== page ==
Shame on NY Pride: Exclusion is not what we march for
Forty-nine years ago, I rode in the second Gay Pride parade (as it was then called) in Boston’s history. Then, and on several occasions since, I joined parades anticipating some manifestation of homophobia, and I have been pleased by the overwhelmingly positive reception we received.
While this may not seem surprising for Boston or the coastal cities even in the 70’s, I was especially gratified when that happy experience was repeated in areas less known as bastions of cultural liberalism. Neither in Tulsa nor on the space coast of Florida were there anti-LGBT demonstrations at the first Pride parades in their history (although there were pickets outside the restaurant where we later had celebratory dinner in Florida).
Having gotten used to Pride parades being occasions when the broad community can come together in an atmosphere of complete mutual respect, I was very disappointed at the injection of bigotry that has marred this season. I am referring to the decision of the organizers of the New York march to demonize some of the most courageous and effective opponents of homophobia in our community — the LGBT police officers who have combatted prejudice in places where it was deep-rooted.
I’m particularly disturbed by two aspects of this gay-on-gay bashing directed against LGBT police officers based upon who they are, with no suggestion that any of them have done anything wrong.
First is the repudiation — by those who claim to be upholding it — of the principle for which we have marched for 40 years: that people should be treated as individuals based on their behavior, and not on some prejudice against the category to which they belong.
I am somewhat comforted by knowing that those who have made this decision speak for a small minority of the LGBT community. But that very fact underlines the danger of letting our agenda be dictated by deferring to the small minorities within our ranks who compete with each other in a purer-than-thou contest.
Second is the personal aspect: I have worked closely for my entire career combating homophobia with several police officers who refused to be silent victims of discrimination when that was a risky thing to do and who have gone on to be important spokespeople in our fight.
For the last 15 years, I have benefited significantly from the friendship, personal support and political advice of Peter Ford as he rose to become captain of the Postal Police at the main station in Boston. I was pleased when the two officials of the Postal Police in the Northeast affirmed the value of gay networking when they asked him to arrange a meeting with me to discuss legislative matters.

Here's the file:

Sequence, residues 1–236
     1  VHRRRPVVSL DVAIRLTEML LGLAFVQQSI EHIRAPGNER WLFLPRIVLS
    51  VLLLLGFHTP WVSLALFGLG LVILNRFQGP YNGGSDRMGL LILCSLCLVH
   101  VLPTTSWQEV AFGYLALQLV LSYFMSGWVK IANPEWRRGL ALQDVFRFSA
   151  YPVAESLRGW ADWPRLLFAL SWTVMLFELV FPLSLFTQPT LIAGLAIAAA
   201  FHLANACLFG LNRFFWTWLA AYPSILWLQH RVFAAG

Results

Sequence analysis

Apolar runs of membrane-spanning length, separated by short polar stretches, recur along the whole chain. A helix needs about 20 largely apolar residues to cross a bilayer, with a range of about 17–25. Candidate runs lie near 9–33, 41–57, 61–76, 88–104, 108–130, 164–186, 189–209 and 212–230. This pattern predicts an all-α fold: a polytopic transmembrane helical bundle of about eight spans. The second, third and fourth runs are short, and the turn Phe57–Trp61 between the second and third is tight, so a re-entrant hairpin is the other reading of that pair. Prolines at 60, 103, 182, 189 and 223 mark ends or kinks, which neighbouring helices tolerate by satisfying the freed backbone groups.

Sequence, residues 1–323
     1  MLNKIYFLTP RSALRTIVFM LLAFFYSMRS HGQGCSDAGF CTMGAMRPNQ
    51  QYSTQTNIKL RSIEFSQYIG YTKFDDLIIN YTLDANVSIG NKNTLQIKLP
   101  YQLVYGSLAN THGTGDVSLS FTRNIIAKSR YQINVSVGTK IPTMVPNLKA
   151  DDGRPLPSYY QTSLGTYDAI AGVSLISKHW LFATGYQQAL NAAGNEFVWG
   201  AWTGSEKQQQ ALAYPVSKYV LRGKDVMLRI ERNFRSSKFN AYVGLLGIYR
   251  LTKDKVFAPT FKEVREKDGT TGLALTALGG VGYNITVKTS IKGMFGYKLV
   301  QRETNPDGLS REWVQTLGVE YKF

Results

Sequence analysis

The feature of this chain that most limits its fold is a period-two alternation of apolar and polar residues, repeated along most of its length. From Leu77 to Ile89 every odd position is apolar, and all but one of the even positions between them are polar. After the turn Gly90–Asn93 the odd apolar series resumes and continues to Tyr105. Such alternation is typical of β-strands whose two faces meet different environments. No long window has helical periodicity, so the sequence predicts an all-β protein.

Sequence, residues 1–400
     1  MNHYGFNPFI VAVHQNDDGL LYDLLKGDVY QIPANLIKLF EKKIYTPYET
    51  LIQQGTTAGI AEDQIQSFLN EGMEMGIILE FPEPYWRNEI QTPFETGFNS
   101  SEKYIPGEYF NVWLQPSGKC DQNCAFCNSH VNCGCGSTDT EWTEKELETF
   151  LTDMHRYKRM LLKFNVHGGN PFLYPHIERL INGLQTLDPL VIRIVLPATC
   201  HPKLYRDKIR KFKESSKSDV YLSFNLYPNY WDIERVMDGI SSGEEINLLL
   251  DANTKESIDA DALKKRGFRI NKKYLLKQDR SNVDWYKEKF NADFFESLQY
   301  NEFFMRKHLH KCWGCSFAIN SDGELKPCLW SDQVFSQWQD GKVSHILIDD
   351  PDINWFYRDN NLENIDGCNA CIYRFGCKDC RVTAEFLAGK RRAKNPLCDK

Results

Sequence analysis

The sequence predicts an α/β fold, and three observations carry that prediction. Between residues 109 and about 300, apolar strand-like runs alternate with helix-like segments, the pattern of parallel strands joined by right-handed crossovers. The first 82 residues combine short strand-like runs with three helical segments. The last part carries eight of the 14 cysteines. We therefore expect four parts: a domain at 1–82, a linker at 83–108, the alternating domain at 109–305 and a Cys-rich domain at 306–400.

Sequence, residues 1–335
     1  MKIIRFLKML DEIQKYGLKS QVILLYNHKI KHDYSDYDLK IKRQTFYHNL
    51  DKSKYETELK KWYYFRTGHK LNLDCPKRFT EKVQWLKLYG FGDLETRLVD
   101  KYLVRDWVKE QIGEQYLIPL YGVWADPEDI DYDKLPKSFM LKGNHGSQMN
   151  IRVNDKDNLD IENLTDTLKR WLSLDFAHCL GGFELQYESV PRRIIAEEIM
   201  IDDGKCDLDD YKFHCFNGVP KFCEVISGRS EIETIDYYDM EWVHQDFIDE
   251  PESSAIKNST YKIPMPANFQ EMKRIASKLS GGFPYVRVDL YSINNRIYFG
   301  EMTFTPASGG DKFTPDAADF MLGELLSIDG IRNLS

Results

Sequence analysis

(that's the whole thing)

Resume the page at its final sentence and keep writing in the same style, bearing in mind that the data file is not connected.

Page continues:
More than 30 years ago, Springfield, Mass., Police Officer Mike Carney was the first victim successfully to invoke the Massachusetts law against anti-LGBT discrimination when he was denied readmission to his department after acknowledging — and dealing with — alcoholism. Eight others in the same situation had been accepted back. Mike has ever since been a leader in our fight.
In the nineties, he appeared in his uniform at my request as a witness before Congressional Committees to refute the conservative argument that we were inventing a problem where none existed.
Officer Matt Stanislao of Glen Rock, N.J., refused to be the victim of anti-gay discrimination and filed a lawsuit that challenged the behavior of those who had harassed him. He won; they lost, and I was proud to stand with him on Pride Day in Glen Rock in 2017 when the City raised the rainbow flag outside headquarters. Matt’s being included in this prohibition is especially poignant because as an openly gay police officer with a master’s degree in social work, he has been victimized by tribalism on both sides for his effort to bridge our social divide: attacked by some of his police colleagues for being too far left and by many of his fellow and sister social workers for working for change from within. Now Pride has closed him out as well.
Finally, I remember the day I spoke at a Massachusetts High School where anti-gay bullying had been a problem. I was accompanied by openly gay police officer, Steve Morin of Raynham, Mass., who was my driver when he was off duty. And I am still moved by the memory of the young student who followed us outside when we left so he could show his appreciation with a hug — for Steve, not me.
Two last points. When my opponents in a debate use a wholly implausible argument, it means that they are embarrassed to cite their real reasons — or are aware of how weak those reasons are. I can’t think of any other explanation for the claim of defenders of the ban that having gay and lesbian cops march will frighten some of the other participants. I do not deny that some wholly irrational fears exist; I do object to letting those who suffer from such fears dictate to the rest of us with whom we can associate.
Finally, those most committed to reforming police practices damage this important cause when they refuse to distinguish between police officers who victimize others and those who have stood proudly against bigotry. Collective punishment that puts heroes and villains in the same category is flat out wrong on three fundamental counts. It is a blatant violation of the principle of fairness at the center of our struggle; it is a distorted picture of the reality which we have worked to present; and it is counterproductive to inform people in positions of some authority that they are guilty by definition — no matter how hard they fight on our side.
Barney Frank represented Massachusetts in the U.S. House of Representatives for 16 terms (1981-2013) and was chairman of the House Financial Services Committee from 2007 to 2011.
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